The Storm

The Storm




Ruth Wilkinson


Kate locked the door to the counseling office and juggled her purse, lunch bag and files as she made her way to her car.  The school was quiet now with the children having been dismissed early due to the incoming storm.  She had stayed behind in her office entering reports into her computer.  She entered progress notes on the students.  Then accounted for the time, much like an attorney does, so many minutes for one thing and a certain amount for another.  All this recorded time went to balance out the government grant for that particular school.  She clocked more hours than any other counselor and had the biggest caseload.  Her students weren’t the good kids of the school.  Kate barely saw those kids.  Her students were all children with problems.  There were a big variety of problems from emotional problems, home issues, ADHD, alcohol syndrome, drugs, and sexual acting out.  In the mornings she would go to her job with great expectations for the day.  She liked helping others and thought over time maybe she could help the students make it through this time in their lives.  But at the end of the day, she was usually down and discouraged.  She felt the burden of it all and remember too many days just like the one she had just been through.  She thought of  changing her career path.  Maybe she could find one of those jobs that didn’t take so much from her. 

            Reaching her car, she opened the back door and put her things on the floor and picked up a toy that had fallen there.  She placed the toy next to the car seat and her whole demeanor changed.  Just the thought of little Alex made her forget all the events of the day.  She would be seeing him in just a few minutes when she picked him up at her best friend’s house.  It was great having a friend to do childcare because she knew that Alex was getting the type of care that she herself would have given him.  Sometimes Alex got confused and called her friend, Sarah, mommy.  It worried her at first but then she realized it was okay…he was just a little guy and didn’t know what he was saying.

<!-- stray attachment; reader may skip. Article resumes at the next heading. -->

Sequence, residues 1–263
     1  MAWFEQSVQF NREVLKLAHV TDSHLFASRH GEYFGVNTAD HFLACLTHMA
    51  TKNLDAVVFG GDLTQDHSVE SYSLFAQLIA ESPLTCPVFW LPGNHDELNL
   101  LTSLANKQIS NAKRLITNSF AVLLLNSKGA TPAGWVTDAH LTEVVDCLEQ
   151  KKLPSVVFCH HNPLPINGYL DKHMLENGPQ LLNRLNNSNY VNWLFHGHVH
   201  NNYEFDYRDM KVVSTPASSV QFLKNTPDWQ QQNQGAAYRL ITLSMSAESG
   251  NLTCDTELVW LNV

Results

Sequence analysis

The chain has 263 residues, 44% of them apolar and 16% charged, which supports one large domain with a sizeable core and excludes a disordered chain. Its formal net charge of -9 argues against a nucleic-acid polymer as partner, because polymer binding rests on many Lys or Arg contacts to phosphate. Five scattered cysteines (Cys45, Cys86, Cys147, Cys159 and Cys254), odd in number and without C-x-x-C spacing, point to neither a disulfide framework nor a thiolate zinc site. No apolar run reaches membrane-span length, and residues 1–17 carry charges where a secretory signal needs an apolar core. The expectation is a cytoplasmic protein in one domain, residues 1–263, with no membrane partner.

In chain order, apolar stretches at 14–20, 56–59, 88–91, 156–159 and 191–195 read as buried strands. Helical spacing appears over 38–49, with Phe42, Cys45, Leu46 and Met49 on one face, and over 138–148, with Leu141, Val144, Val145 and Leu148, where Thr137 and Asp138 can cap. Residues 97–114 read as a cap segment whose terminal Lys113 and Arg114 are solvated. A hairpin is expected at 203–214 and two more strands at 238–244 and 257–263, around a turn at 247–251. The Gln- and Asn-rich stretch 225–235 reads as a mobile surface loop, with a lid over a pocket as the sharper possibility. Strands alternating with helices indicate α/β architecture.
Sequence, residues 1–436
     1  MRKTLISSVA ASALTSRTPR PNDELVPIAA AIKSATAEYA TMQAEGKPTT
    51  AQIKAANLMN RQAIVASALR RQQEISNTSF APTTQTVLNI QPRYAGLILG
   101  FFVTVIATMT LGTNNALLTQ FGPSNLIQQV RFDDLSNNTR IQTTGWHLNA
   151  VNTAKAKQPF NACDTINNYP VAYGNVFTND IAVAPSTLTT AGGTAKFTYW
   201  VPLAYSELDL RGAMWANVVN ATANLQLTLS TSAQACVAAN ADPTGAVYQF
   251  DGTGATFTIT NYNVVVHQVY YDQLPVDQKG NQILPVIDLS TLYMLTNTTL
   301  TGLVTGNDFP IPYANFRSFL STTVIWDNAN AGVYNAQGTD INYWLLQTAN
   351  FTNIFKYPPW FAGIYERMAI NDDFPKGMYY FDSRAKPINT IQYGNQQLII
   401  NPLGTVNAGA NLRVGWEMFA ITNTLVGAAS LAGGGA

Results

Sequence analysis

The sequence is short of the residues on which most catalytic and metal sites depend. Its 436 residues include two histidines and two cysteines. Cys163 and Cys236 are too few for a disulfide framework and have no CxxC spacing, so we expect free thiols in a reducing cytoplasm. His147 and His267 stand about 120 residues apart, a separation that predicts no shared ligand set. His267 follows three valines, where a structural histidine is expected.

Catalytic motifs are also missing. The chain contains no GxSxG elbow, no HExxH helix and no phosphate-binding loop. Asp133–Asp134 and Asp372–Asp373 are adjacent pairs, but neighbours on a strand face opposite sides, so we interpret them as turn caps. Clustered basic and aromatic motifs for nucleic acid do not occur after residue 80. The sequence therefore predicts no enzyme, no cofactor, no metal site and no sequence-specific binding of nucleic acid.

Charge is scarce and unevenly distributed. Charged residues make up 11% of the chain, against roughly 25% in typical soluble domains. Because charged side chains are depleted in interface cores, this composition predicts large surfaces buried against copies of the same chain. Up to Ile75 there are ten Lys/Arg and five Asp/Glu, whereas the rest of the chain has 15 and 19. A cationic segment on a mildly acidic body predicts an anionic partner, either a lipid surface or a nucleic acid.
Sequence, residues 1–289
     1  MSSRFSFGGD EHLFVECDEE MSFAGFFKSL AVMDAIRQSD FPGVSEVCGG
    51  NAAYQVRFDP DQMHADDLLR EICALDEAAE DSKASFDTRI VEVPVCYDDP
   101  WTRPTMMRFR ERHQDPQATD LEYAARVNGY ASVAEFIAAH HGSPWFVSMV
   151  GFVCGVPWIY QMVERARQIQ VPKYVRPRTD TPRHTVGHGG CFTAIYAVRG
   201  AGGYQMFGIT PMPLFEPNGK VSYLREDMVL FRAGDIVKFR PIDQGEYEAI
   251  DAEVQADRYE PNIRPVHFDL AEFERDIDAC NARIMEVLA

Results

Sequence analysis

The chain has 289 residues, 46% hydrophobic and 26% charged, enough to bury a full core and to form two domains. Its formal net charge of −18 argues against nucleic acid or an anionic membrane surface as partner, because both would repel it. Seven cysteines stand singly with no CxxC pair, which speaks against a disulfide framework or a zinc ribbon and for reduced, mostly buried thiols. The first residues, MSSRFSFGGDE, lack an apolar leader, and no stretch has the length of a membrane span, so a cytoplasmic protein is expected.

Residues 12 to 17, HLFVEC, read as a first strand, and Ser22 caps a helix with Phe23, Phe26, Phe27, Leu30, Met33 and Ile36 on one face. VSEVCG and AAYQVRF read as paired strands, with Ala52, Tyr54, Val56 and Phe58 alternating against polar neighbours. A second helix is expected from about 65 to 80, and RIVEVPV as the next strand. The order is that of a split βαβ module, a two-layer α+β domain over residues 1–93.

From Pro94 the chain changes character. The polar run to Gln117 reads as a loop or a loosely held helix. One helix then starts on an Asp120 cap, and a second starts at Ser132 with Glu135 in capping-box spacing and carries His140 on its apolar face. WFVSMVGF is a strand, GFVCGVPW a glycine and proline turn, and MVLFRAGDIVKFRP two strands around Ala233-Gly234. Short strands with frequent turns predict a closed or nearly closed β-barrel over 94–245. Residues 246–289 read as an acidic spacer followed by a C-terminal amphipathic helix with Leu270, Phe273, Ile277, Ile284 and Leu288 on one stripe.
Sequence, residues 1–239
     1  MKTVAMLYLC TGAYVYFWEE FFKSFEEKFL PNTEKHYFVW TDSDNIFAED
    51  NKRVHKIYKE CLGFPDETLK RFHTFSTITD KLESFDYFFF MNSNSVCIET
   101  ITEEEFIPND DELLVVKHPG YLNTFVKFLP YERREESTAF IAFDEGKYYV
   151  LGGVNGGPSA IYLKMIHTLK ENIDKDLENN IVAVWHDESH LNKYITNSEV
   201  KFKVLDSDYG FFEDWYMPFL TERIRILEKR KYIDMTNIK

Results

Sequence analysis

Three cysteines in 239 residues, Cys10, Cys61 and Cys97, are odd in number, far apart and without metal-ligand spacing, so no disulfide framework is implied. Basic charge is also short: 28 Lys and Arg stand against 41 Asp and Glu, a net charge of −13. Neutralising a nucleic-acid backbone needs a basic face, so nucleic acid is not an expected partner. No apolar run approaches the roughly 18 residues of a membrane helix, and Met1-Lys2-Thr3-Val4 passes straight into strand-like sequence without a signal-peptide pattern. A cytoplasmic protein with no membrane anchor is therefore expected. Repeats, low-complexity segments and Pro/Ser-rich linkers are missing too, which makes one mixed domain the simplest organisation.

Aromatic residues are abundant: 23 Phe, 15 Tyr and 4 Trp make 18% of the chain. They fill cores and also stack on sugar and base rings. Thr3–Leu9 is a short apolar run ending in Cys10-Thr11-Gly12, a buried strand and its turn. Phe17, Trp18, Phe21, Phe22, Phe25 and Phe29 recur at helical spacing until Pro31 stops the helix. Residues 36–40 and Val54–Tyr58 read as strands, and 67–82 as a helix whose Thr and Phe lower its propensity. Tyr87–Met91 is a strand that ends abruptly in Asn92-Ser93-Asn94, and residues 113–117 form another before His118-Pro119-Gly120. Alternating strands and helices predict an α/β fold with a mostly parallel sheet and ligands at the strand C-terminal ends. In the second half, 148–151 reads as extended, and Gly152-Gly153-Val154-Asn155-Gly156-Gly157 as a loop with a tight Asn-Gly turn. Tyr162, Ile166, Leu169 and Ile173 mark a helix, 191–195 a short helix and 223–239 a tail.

Kate drove to Sarah’s with the radio on.  The announcer was talking about the weather and warning everyone that a terrible storm had just passed through Tampa and would be in the area in 30 to 40 minutes.  Kate knew that she would have time to get Alex and drive to her house right away.

            Pulling into her friend’s driveway, Kate could see Sarah holding Alex and watching for her.  Kate quickly parked and ran to the door.  “Hi Kate,” said Sarah, “a bad storm is coming.  Do you want to wait it out here?”

            “Oh Sarah, thanks, but I think I can make it home.  Alex will be calmer at home and Josh is waiting there for us.  We’ll be okay.”

            She grabbed the diaper bag and Alex and headed to the car.  Alex was smiling and just at the age where children begin putting words together.  “Home mommy,” he said, “play with trains.”

            “Yes honey,” she murmured, as she buckled him into the car seat.  “We’ll be home soon.”

            As she slide into the front seat, her phone chimed a text message through.  It was fron Josh.  WHERE R U – GET HOME QUICK.  TORNADO WARNING.

She quickly texted back,  OK ON THE WAY.

            It was only five miles to get home and Kate had no doubts in her mind that she would be all right.  It was Florida.  It was flat here and you could see for miles.  If she saw the storm coming she could always outrun it.  It wasn’t like Michigan where you had large areas of trees and hills to block your view of the sky.  This was warm, sunny, flat Florida.